Raphael Tuck & Sons "Oilette" [Regd.] Postcard 1683. Art Publishers to their Majesties the King & Queen. "Picturesque Derbyshire", Printed in England. Message side of card has Royal arms top left corner. Not used, so no date but most postcards of his paintings date from the late nineteenth or the beginning of the twentieth century. However, this card has no message bar on the front so post dates most of his other cards in my collection. Another card was posted in 1904.
Postcards in the collection of, provided by and © Ann Andrews.
Information researched, written by and © Ann Andrews.
Intended for personal use only.

References (coloured hyperlinks for onsite transcripts):

[1] Mee, Arthur (ed.) (1937) "Derbyshire: The Peak Country", The King's England Series, Hodder and Stoughton Limited, London.

[2] Glover, Catherine and Riden, Philip (edited by) (1981) "William Woolley's History of Derbyshire" Derbyshire Record Society Volume VI. William Wolley died in 1719. See the Pedigree of Wolley of Darley Abbey which shows where he fits into the family.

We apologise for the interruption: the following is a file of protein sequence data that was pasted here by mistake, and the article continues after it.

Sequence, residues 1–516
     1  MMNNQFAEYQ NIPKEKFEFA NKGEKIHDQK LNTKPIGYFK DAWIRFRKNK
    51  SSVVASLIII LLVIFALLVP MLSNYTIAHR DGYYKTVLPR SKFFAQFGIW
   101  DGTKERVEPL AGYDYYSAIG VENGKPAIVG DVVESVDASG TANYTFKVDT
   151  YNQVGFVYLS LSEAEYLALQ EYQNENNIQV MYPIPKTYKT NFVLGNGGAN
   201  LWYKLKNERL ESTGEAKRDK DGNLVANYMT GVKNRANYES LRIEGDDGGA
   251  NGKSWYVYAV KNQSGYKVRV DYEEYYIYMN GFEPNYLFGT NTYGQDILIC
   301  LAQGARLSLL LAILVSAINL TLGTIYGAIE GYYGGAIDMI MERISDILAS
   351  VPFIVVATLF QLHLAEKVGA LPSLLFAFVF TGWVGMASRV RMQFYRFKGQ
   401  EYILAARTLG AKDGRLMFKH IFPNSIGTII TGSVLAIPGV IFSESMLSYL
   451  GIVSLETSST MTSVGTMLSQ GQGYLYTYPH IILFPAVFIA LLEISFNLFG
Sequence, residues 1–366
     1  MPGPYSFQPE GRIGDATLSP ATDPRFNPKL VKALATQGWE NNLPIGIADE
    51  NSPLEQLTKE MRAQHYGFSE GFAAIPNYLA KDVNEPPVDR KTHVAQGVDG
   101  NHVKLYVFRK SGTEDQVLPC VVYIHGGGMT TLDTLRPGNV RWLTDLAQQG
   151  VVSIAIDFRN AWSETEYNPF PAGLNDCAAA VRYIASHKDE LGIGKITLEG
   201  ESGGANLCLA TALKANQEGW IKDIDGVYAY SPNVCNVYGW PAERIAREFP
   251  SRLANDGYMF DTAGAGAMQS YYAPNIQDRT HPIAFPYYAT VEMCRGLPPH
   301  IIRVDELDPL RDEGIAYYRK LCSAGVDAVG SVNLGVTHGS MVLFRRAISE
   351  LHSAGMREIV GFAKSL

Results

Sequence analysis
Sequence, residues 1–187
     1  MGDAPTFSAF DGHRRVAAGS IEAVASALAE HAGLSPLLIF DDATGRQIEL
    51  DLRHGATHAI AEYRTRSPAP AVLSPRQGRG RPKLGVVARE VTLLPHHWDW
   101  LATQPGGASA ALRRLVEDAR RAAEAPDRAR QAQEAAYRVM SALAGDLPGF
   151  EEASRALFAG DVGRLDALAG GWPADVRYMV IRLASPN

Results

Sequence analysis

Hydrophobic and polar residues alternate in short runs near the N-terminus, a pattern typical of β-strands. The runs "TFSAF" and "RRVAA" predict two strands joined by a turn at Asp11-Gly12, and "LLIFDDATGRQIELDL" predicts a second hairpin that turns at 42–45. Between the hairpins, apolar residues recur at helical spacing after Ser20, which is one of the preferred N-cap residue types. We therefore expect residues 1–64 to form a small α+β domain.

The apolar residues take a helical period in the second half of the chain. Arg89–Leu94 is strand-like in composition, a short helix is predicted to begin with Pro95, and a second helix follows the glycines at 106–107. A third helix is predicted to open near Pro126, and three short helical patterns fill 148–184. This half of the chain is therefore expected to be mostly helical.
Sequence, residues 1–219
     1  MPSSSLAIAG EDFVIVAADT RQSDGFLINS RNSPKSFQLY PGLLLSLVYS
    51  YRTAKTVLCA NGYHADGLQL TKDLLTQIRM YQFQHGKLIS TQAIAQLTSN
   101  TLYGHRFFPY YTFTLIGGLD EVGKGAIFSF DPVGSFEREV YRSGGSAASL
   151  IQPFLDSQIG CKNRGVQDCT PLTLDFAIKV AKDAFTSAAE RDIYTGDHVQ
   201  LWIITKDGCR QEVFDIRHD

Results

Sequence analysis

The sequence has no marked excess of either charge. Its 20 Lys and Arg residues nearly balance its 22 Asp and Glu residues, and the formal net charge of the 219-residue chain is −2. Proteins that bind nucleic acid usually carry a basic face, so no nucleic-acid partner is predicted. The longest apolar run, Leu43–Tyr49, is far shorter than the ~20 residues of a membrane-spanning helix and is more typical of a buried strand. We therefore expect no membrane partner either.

[3] There are more details of Adam Wolley's Will on Pre 1858 Wills & Administrations, Surnames S - Z (scroll down). His inventory listed each room's contents, the number of animals (including four yolke of oxen and 68 sheepe) and even what was stored in his barns).

[4] Go to Antony Wolley's burial and details from his Will. Pre 1858 Wills & Administrations, Surnames S - Z.

[5] John Chappel[l] was buried at Matlock - see his burial and Rectors. Mary Chappel was buried 30 July 1720 and their son John 28 Jan 1724.

[6] See pre-1858 Wills for Chappell.

[7] Also see pre-1858 Wills for Greatorex

[8] "The Derby Mercury", 8 October 1823 mentioned "a capital dark brown Mare belonging to Mr. Job Cooper, of Riber Hall". The same paper (18 February 1824) names him again as still at Riber.